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The tightest council race in the city hung in the balance for hours on election night after a volunteer poll worker left a voting machine in his broken-down car instead of taking it in to be processed.

It took city election staff two hours to track down the machine that ultimately rescued the night for veteran Councillor Case Ootes of Ward 29 (Toronto-Danforth).

City spokesman Brad Ross said the deputy returning officer was supposed to take the fax-machine-sized device to the city's East York election headquarters to confirm the results of the tight race in the ward after the polls closed.

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But his car broke down, and the man had it towed to a garage with the voting machine inside, Mr. Ross said. The man never phoned election officials, and decided to retrieve the machine yesterday.

Election officials unable to publicly confirm that Mr. Ootes had fended off a challenge from Diane Alexopoulos by just 20 votes, finally tracked the man down by phone at his home later Monday night.

But he was reluctant to help.

"He hemmed and hawed, and said, 'I'll bring it in tomorrow.' We said, 'Ah, you'll bring it in tonight,' " Mr. Ross said, adding that if the man had refused to co-operate, officials would have called police.

Elections staff eventually met the man at the garage and retrieved the machine. Mr. Ross said the machines have seals to prevent tampering.

"I think it would be safe to say that his services will not be required next election," Mr. Ross said, adding that he could not identify the man involved.

The defeat of Mr. Ootes would have been considered a major upset for one of the leaders of council's right wing. Mr. Ootes was deputy mayor under Mel Lastman, a frequent critic of Mayor David Miller and a central figure in the fight over the controversial decision not to renew former Toronto police chief Julian Fantino's contract.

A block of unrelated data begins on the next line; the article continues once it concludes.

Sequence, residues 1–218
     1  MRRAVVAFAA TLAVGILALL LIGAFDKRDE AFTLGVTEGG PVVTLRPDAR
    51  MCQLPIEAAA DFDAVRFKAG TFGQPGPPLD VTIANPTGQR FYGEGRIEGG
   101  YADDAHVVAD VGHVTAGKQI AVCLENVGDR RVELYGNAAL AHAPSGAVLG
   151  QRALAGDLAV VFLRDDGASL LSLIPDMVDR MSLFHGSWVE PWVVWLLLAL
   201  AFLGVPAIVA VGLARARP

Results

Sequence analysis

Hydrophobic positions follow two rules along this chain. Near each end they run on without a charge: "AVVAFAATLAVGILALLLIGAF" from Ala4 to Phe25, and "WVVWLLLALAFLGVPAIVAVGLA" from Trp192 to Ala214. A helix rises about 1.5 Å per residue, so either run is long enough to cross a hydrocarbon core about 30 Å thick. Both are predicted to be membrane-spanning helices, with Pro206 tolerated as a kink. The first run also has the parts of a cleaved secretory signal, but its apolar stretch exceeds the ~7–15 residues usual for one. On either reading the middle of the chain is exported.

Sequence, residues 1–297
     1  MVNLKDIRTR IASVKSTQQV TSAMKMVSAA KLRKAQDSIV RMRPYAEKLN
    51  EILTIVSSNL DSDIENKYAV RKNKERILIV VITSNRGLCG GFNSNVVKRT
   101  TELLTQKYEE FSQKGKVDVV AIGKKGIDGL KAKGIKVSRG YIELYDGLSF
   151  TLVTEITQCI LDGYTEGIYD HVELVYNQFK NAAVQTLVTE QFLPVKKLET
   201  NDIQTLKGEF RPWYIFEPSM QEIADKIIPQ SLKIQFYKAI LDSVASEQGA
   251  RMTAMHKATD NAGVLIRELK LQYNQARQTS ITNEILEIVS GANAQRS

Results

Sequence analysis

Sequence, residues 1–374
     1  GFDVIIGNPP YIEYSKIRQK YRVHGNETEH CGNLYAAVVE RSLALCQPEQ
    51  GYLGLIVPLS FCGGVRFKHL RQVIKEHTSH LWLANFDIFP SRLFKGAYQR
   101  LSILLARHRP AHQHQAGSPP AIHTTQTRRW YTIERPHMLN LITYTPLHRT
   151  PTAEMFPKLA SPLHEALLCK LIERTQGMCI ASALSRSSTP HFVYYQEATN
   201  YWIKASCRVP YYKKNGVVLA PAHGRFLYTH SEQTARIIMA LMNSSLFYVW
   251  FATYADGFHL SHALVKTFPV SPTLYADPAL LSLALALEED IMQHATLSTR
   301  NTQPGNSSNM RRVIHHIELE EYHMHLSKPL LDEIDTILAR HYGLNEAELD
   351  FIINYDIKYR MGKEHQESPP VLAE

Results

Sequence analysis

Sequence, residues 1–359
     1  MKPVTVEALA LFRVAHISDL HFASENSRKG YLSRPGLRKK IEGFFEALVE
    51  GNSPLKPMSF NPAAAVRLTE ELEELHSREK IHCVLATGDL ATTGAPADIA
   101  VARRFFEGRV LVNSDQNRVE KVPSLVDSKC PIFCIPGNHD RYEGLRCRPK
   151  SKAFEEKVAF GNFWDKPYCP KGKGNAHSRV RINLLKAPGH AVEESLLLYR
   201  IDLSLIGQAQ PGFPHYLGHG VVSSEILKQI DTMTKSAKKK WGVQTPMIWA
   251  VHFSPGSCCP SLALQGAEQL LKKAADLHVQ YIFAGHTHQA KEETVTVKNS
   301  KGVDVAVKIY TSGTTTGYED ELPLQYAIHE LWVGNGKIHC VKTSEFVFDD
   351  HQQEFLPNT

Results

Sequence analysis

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Yesterday, Ms. Alexopoulos said that the whole thing "seemed a little odd" and that her campaign team was "exploring a recount and other challenges," but that no decision had been made.

Under election rules, the city does an automatic recount with a tie vote. In other cases, a challenger must ask the city clerk for a recount. Mr. Ross said clerk Ulli Watkiss has ruled out granting any such requests this year, but the new city council could agree to order a second look. As a last resort, a challenger can go to Provincial Court for redress.

Since amalgamation in 1998, the city has conducted five recounts, with no change at all in the numbers. Monday night's second-closest race was in Scarborough East, where former councillor Ron Moeser -- defeated in 2003 -- won back his seat by a 61-vote margin over Diana Hall.

The city said Monday's voter turnout was 41.1 per cent, which at first glance appears to be a slight increase over 2003's 38.3 per cent. But the 2006 figure is expected to fall when the final revised numbers are released tomorrow.

Turnout is measured as the percentage of people on the voters list who show up to vote. But the voter's list shrunk by more than 200,000 names this year after the agency that compiles it deemed many residents ineligible because Canadian citizenship could not be confirmed. That may have artificially inflated the turnout percentage.

Many voters had their names added to the list on voting day, and, when that new list is used to calculate the figure, city officials expect the percentage to sink slightly.

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Voting by Internet has been proposed as a possible fix for low municipal elections turnout. Voting tallies in Markham seemed to support that view, as online voting, available as part of advance polls, drew 10,639 ballots this year, up from 7,210 in 2003.

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